The Recomposition Of The Working Class In The Period Since The Late 1960's

So far we have concentrated on the recomposition of capitalist command in the crisis and the unfolding of the State form through rigidification of the "party system". We must now turn to the other side ? class recomposition. To take the factory or the University as a starting point is not a problem, in that both are enclaves of resistance and recovery of an alternative class politics ? either starting point would serve us just as well.

If we take the subjective development of the movement through the period since the cycle of class offensive in the late 'sixties, we can distinguish two main phases of struggle. In the first, from 1969 to the oil crisis of 1973-74, the attack on the central militant core of the working class by means of restructuration, reorganisation of production etc, was combined with the "strategy of tension" (terroristic use of secret services, clandestine proto-fascist activity backed by the State, with considerable use of Fascist personnel). The most recent generation of militants formed around the movement of 1968-69 was consumed in the response to this attack: following the "parenthesis" of the workers' offensive, they returned to the classic schemas of the party form ? the tight relation between programme and organisation, and a perspective on the struggle for power articulated according to the tactics of a militant anti-fascist movement, combined with the conquest of the formal, electoral level of politics. During this first phase the "party system" was not yet "congealed" into the form of the State: it was divided in a sharp opposition between an executive, which mobilised the clandestine levels of the State (from the secret services to the magistracy), and an opposition which revived the democratic values and traditions of the anti-fascist Resistance. This was, in other words, a phase of partial re-absorption of the preceding forms of class autonomy by the "party system", a recovery of the ideological and organisational traditions of the official working-class movement: a certain "introjection" of the "party system" within the revolutionary movement itself.

As regards the relation between subjectivity and models of organisation on the revolutionary Left, this first period, from the State-Fascist bombing provocation of Piazza Fontana (Milan, December 1969) to the eventual defeat of the "strategy of tension" (even if its ramifications continued up to the June 1976 Election), was marked by a general rejection of the creative hypotheses of the movement of 1968-69. This was accompanied by the rebirth in the movement of ultra-Bolshevik models of organisation, or ? in the case of groups like the MLS (Workers' Socialist Movement, based on the Milan student movement), Manifesto, Avanguardia Operaia and PDUP ? of traditional historical Togliattian models, embellished, at most, with Maoism. There was, in other words, a certain revival of the historic organisational; epoch of the Italian Communist Party and movement, from Gramsci to the Resistance.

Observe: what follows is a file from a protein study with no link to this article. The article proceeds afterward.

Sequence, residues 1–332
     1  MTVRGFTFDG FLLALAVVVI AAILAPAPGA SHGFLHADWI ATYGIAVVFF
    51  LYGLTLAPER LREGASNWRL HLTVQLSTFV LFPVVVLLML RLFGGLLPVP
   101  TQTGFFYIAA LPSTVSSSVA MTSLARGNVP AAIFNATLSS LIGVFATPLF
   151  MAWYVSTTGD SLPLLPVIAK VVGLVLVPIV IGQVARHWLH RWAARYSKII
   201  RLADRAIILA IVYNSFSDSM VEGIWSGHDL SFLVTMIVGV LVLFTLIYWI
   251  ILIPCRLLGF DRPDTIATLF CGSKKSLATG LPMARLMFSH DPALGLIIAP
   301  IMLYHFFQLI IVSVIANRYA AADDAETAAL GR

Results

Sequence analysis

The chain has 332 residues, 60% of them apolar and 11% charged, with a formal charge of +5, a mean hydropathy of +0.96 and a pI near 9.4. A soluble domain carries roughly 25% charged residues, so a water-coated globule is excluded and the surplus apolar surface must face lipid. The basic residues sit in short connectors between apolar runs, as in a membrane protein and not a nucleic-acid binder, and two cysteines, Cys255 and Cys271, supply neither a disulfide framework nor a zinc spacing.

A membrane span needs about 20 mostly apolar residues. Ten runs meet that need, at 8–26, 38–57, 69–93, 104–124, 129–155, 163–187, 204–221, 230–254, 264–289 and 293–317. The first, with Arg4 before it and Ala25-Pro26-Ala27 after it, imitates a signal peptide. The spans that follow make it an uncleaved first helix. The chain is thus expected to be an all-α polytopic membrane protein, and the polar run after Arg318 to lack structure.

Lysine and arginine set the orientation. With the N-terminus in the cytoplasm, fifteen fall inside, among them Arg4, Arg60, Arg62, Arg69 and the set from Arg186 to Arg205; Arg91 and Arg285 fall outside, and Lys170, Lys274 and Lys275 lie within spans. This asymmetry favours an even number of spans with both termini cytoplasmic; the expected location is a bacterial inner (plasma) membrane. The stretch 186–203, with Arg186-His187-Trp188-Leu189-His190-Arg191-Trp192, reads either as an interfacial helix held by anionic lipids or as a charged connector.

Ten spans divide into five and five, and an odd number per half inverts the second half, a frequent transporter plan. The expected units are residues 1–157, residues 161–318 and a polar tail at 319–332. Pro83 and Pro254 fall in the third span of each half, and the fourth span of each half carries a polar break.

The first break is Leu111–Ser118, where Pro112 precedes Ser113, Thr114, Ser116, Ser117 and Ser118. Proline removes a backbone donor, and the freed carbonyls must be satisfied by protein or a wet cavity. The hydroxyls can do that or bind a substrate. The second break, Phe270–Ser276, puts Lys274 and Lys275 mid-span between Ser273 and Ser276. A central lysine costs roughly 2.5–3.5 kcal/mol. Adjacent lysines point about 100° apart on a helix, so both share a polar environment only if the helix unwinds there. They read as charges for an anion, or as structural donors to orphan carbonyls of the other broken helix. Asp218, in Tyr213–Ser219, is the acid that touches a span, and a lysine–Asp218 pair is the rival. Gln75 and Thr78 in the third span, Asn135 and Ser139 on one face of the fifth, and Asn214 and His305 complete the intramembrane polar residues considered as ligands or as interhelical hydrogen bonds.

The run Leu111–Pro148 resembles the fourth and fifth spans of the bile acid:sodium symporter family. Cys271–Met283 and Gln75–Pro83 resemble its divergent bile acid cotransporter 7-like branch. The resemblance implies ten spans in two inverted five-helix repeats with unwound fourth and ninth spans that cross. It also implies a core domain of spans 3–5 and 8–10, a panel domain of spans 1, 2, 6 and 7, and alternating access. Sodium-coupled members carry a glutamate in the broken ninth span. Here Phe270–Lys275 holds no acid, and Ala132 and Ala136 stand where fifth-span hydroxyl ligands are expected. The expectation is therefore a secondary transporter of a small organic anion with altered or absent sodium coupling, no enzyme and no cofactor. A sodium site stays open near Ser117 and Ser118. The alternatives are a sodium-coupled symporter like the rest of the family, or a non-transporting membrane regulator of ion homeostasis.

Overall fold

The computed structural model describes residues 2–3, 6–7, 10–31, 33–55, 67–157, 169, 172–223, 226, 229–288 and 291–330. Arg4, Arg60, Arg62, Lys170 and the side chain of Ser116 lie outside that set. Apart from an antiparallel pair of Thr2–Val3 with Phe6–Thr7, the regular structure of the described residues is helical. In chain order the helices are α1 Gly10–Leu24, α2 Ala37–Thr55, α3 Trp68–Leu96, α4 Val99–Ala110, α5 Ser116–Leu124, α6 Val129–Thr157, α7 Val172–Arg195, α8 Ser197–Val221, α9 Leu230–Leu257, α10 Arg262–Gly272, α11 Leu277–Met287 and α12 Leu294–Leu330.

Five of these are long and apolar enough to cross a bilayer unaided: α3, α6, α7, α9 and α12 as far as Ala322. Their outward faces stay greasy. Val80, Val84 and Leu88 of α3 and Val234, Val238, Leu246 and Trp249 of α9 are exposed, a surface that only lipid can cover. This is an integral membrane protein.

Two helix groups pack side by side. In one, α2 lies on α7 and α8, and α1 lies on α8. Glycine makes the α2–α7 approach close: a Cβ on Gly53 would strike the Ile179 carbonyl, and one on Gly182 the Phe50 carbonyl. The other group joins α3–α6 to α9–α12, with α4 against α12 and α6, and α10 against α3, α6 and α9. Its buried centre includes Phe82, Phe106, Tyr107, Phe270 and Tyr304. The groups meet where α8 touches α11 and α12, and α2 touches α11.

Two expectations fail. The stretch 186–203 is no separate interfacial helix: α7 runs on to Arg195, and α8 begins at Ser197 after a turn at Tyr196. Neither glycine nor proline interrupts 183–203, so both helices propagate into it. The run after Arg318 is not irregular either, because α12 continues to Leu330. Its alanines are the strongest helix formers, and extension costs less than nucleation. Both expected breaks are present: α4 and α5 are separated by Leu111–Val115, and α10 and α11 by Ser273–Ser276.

This revival drastically marginalised the classic "workerist" area of autonomy inherited from the worker-student movement of 1968-69, as well as the anarchist, situationist, and more intransigent Marxist-Leninist groups.

The central nucleus of the "workers' autonomy" tendency, represented by Potere Operaio (Workers' Power) and Collettivo Politico Metropolitano (Metropolitan Political Collective), having come up against the institutional-political limits of a strategy based on the political potential of factory wage struggles, made a dramatic choice in favour of fighting for the militarisation of the movement. This similarly involved slogans like "overcoming the spontaneity of the autonomous mass movement" and "building the armed party". It involved staking everything on levels of organised militancy, professional cadres etc. This was to be a losing battle. But the main problem now is to grasp how and why the margins of the "movement" were so drastically curtailed, deprived of political space, while only hypotheses of party organisation survived in this period.

(This essay continues below.)